This was a tense moment in the program. No one in the room was taking or making any bets with respect to what direction John would take. Would he be critical of the growing role of associations and MLSs? Would he take this opportunity to call out the portal sector for their contributions to the current confusion? Would he offer a menu of change for the brokerage community, assert the correctness of their current stance or make excuses for their apparent position?
Those who know John or of his leadership style know that he is a very dynamic individual. I recently had the privilege of spending time in his office discussing issues and observing his management style. His immediate peers and sphere of responsibility includes some of the most successful real estate service and management personalities in the country. Watching him work is like watching an admiral on the bridge of his flagship during a major operation. His knowledge of the current business situation is total and his command instincts are instant, flexible and most impressive. Moreover, what becomes quickly obvious is that his troops possess and demonstrate a level of respect that is most uncharacteristic of our industry.
So given this situation and these facts John takes the floor and delivers an absolutely compelling, relevant and to the point presentation.
With respect to the portals one must keep in mind that while their "5 point" analysis is entertaining it is really just another way to describing how to pick the "low hanging" fruit. The portals have wisely elected not to get their hands dirty with the real day-to-day business of parenting and protecting real estate transactions. There isn't a brokerage in the country that wouldn't love to take this position. However, it is the nature of things that sooner or later one must address the fruit at the top of the tree and that which has fallen to the ground. This is where the real and long term challenge lies and this is where brokerage firms are making their stand.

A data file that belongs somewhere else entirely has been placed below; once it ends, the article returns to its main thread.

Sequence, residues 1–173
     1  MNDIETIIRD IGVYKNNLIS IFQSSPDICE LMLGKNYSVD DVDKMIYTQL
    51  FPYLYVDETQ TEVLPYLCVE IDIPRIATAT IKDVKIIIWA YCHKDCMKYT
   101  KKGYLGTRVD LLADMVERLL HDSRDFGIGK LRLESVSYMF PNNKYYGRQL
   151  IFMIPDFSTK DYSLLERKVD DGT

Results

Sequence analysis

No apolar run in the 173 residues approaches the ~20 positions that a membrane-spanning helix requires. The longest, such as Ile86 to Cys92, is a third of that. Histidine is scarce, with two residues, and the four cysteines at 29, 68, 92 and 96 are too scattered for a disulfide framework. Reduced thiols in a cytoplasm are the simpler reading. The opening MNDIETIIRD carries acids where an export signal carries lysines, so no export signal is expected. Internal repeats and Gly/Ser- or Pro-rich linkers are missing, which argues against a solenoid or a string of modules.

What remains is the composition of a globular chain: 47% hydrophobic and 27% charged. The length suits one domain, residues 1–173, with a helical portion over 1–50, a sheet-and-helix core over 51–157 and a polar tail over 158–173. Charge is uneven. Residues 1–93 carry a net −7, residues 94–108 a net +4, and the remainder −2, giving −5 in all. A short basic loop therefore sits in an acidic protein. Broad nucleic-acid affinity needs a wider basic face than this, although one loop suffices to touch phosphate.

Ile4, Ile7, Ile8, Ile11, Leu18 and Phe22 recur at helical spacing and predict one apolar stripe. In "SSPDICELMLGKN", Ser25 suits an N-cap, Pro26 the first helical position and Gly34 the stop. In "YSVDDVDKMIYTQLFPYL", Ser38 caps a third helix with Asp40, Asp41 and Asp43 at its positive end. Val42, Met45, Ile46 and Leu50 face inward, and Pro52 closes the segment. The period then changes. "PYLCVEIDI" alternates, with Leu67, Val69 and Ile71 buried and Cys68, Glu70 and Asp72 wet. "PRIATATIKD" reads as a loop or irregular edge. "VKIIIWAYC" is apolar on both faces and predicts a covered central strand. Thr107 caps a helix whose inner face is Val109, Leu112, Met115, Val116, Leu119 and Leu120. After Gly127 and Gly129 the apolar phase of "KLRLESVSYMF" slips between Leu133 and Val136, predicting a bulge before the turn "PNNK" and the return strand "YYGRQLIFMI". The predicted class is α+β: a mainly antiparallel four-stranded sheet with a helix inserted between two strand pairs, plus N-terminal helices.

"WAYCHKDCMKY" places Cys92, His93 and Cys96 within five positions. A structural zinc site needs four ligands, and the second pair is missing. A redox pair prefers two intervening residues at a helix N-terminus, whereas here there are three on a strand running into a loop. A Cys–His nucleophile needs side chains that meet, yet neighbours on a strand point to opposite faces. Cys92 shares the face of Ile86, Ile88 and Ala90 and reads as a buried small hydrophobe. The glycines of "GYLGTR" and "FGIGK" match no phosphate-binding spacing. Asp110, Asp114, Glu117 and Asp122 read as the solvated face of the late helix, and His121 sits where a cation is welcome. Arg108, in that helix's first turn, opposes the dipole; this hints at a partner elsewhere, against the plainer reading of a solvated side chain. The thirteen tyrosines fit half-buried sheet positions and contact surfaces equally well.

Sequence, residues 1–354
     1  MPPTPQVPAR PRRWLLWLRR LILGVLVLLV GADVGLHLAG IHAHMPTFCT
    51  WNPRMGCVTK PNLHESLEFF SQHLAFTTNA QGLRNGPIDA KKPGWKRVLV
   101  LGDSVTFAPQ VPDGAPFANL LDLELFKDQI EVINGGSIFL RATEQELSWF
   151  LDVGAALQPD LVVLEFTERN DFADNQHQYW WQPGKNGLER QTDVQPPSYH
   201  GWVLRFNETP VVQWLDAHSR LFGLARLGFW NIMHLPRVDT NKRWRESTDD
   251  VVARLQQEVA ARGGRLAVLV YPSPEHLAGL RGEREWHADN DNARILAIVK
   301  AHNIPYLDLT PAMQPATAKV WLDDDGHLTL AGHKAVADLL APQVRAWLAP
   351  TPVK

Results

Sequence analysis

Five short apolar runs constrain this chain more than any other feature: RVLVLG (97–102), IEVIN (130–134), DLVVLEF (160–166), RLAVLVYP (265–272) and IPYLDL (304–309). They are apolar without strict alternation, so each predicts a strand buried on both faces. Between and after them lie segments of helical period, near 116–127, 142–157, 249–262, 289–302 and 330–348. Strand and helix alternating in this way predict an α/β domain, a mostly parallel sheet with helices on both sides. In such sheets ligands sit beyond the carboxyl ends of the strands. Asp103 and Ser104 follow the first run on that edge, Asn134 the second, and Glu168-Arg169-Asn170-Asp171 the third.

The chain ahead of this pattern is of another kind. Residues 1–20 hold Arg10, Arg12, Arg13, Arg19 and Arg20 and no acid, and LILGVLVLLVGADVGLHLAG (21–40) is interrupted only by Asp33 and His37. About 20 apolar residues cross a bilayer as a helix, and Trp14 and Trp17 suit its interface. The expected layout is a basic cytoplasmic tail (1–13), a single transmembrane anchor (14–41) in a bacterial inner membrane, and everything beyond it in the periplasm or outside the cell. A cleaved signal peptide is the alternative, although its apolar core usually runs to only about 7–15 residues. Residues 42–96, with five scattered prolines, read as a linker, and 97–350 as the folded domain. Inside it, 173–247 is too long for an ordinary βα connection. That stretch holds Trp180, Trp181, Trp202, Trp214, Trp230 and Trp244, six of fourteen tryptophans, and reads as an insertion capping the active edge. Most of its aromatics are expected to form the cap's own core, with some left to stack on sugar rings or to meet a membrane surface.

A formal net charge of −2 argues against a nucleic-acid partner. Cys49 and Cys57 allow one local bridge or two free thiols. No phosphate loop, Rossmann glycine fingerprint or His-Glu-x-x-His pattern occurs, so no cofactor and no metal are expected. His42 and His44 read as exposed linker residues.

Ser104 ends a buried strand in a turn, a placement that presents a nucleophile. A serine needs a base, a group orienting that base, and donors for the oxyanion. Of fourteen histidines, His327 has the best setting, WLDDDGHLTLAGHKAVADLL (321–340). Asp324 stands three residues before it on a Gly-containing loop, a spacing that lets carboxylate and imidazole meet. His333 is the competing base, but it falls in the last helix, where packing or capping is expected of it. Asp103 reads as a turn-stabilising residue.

Sure, many brokers are envious of the position taken by the portals but each, at some level, understands what is necessary to succeed in the long run.
Since when, he asks, is this industry uncomfortable with people who are knowledgeable and informed? He points out that among his team are some of the most knowledgeable and informed people he has ever met. Being knowledgeable and informed is a way of life for his team member in everything they do both professionally and personally. The challenge is to learn how to recognize this new consumer and how to work with them at the level in which they want to interact.
With respect to the amazing range of new technologies and tools that are being made available to real estate professionals, John suggests that adaptation goes to the very spirit of the American experience. It shouldn't be seen as a threat, but, rather as an opportunity. He sees on a daily basis the benefits of adaptation to the firm and agent bottom line.
He then carefully reviews and articulates the points, arguments and challenges that have been repeated in one way or another by virtually every expert and every speaker during the day. He pauses for a moment and then makes his winning point. "It appears to me that if every agent and broker just did their jobs that these problems and these complications would disappear overnight." Why can't we just do our jobs and get on with it?
A standing ovation follows.
Thanks John. What more can one say?